The number of over-70s in Yorkshire struggling with debt has risen by a third, figures obtained by the Yorkshire Post reveal.
Experts say the situation is worrying because many pensioners in this age group rely on savings or their pension and do not have any other income coming in, making it difficult to raise extra cash to cover debts.
Low interest rates also mean many reliant upon savings have seen their retirement income come under increased pressure.
Figures from the debt charity, Consumer Credit Counselling Service (CCCS), show the average debt for this age group in Yorkshire is £19,542 – slightly higher than the UK average of £19,338.
“Many of Yorkshire’s over-70s are struggling – especially after a year of rising prices, soaring energy bills and poor returns on any savings they may rely upon for income,” a spokesman for CCCS said.
In 2010 there were 252 people in Yorkshire who contacted CCCS for debt advice; this was a 33 per cent increase on the previous year and a three-fold increase on 2008 when 77 people contacted the charity for advice.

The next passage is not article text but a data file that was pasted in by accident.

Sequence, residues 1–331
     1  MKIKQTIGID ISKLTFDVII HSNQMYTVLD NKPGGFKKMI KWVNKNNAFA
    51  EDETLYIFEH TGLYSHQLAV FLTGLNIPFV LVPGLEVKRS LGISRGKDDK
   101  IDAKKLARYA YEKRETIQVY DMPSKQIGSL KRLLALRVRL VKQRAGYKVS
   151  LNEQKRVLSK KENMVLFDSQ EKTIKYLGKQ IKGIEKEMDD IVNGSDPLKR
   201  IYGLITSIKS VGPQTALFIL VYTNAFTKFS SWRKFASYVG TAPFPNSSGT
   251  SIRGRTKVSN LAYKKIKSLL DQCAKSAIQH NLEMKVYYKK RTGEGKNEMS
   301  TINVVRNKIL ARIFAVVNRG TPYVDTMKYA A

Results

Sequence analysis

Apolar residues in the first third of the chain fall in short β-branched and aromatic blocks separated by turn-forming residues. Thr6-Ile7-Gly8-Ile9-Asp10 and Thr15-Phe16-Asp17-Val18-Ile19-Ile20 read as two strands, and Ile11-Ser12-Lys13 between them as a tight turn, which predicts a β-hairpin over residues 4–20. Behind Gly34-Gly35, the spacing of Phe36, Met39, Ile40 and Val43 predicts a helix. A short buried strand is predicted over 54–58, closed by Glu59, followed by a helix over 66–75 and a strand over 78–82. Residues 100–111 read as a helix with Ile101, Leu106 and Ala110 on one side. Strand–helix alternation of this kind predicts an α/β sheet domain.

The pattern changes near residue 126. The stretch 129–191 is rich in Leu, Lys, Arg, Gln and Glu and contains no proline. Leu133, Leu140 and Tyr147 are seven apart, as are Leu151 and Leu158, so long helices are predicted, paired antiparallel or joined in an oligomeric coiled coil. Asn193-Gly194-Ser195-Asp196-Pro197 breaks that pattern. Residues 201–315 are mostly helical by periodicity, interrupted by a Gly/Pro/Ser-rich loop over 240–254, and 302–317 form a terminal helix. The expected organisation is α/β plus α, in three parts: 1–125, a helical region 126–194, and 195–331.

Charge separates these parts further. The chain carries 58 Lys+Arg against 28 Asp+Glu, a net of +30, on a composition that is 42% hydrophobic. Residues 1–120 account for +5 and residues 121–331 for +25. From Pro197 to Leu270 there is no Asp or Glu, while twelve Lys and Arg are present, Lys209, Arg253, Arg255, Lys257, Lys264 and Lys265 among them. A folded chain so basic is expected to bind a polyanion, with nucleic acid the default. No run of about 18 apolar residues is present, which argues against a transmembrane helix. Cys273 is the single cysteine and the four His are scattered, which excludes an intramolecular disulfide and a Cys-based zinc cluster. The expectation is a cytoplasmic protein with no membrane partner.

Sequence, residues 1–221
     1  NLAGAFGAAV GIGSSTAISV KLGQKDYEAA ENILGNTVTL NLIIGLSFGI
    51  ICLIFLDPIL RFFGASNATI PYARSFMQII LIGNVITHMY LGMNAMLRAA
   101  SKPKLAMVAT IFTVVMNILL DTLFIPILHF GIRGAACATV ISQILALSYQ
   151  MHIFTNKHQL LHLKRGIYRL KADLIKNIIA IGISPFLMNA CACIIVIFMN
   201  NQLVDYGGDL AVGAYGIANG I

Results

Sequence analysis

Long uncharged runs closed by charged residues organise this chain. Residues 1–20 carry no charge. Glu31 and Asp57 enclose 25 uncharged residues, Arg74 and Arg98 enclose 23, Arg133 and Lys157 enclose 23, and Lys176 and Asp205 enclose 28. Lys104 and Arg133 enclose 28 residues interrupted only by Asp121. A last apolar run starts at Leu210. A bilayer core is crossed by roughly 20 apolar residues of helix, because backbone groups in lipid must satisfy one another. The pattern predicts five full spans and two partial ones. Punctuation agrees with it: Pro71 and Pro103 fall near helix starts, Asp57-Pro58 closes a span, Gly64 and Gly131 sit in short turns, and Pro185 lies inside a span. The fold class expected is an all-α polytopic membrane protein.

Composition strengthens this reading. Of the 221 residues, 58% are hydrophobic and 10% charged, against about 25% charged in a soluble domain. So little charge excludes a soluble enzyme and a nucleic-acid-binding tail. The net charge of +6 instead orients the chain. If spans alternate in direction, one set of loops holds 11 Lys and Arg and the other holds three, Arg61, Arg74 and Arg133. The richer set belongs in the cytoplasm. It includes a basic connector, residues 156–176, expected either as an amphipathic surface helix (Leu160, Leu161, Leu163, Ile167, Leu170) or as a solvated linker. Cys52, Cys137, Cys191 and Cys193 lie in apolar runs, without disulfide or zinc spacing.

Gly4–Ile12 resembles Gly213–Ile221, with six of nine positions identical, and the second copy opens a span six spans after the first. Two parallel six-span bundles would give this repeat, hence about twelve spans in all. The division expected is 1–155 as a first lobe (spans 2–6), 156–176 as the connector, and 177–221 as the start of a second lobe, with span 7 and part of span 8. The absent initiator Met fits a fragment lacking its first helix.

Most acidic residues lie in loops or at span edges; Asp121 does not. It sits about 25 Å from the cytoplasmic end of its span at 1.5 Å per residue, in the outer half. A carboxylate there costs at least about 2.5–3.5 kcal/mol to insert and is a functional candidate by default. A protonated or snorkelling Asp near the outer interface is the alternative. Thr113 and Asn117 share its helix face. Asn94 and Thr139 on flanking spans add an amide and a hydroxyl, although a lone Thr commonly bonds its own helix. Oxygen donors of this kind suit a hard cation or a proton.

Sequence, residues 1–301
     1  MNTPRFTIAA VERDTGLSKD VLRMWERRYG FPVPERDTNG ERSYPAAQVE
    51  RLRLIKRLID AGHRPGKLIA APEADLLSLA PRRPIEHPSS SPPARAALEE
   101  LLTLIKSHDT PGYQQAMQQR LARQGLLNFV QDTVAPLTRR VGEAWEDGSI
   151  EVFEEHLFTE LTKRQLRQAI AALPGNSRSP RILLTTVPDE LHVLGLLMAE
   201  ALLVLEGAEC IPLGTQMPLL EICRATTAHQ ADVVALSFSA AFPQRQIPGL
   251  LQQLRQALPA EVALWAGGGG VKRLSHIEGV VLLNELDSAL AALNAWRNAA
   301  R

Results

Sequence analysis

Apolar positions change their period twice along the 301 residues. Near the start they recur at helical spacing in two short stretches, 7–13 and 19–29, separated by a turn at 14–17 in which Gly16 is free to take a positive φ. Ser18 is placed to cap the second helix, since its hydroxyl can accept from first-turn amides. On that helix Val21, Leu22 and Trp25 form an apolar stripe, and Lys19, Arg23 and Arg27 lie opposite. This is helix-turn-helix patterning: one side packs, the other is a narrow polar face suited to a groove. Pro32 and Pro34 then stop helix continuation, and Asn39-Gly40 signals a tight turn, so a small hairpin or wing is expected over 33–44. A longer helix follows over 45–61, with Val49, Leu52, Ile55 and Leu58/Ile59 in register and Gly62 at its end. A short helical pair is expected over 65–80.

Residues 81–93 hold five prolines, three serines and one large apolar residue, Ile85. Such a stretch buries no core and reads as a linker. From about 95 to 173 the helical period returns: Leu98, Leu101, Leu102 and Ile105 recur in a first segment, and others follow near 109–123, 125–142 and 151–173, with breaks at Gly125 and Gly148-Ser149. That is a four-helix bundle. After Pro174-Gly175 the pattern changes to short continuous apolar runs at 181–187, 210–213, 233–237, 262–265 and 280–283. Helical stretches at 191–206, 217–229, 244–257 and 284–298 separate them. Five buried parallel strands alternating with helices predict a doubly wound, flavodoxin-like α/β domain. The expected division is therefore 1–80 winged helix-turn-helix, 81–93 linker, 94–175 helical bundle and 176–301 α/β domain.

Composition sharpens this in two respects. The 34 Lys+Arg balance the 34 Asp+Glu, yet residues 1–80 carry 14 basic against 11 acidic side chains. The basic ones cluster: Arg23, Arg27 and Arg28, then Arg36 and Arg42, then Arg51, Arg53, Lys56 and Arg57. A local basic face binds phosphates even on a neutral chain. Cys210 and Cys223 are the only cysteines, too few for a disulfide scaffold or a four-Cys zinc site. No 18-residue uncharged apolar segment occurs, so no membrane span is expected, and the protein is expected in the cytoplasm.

The charity says the situation among the over 70s is likely to deteriorate over the next year.
Nationwide research carried out for the charity found that 13 per cent of its clients aged 70-74, nine per cent of those aged 75-79 and eight per cent of those over the age of 80, have no money to repay their debts once they have covered the cost of their living expenses.
CCCS director of external affairs Delroy Corinaldi said: “Not only are money problems difficult to deal with at any age, they are particularly hard at an age when you will find it hard to increase your income. While most people would hope to have paid off their mortgage and other debts by the time they are 70, this is a distant dream for a significant number of older people.”